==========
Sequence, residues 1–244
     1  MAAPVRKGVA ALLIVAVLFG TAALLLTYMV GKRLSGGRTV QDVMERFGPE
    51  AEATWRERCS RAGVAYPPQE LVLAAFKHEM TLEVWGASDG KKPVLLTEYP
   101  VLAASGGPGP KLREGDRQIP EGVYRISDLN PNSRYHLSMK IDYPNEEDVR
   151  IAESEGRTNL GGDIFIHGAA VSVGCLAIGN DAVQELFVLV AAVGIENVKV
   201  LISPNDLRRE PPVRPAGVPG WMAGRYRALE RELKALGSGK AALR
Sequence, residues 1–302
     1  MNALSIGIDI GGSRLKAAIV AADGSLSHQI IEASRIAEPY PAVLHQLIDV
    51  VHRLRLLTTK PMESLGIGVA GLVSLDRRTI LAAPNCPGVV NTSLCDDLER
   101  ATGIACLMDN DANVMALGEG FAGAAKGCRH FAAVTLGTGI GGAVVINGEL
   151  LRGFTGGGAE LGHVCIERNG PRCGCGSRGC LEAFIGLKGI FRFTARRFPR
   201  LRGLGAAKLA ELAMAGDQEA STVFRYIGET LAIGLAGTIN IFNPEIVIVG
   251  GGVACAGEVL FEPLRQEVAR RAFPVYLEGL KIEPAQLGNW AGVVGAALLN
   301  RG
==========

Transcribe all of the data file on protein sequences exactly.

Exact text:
Sequence, residues 1–244
     1  MAAPVRKGVA ALLIVAVLFG TAALLLTYMV GKRLSGGRTV QDVMERFGPE
    51  AEATWRERCS RAGVAYPPQE LVLAAFKHEM TLEVWGASDG KKPVLLTEYP
   101  VLAASGGPGP KLREGDRQIP EGVYRISDLN PNSRYHLSMK IDYPNEEDVR
   151  IAESEGRTNL GGDIFIHGAA VSVGCLAIGN DAVQELFVLV AAVGIENVKV
   201  LISPNDLRRE PPVRPAGVPG WMAGRYRALE RELKALGSGK AALR
Sequence, residues 1–302
     1  MNALSIGIDI GGSRLKAAIV AADGSLSHQI IEASRIAEPY PAVLHQLIDV
    51  VHRLRLLTTK PMESLGIGVA GLVSLDRRTI LAAPNCPGVV NTSLCDDLER
   101  ATGIACLMDN DANVMALGEG FAGAAKGCRH FAAVTLGTGI GGAVVINGEL
   151  LRGFTGGGAE LGHVCIERNG PRCGCGSRGC LEAFIGLKGI FRFTARRFPR
   201  LRGLGAAKLA ELAMAGDQEA STVFRYIGET LAIGLAGTIN IFNPEIVIVG
   251  GGVACAGEVL FEPLRQEVAR RAFPVYLEGL KIEPAQLGNW AGVVGAALLN
   301  RG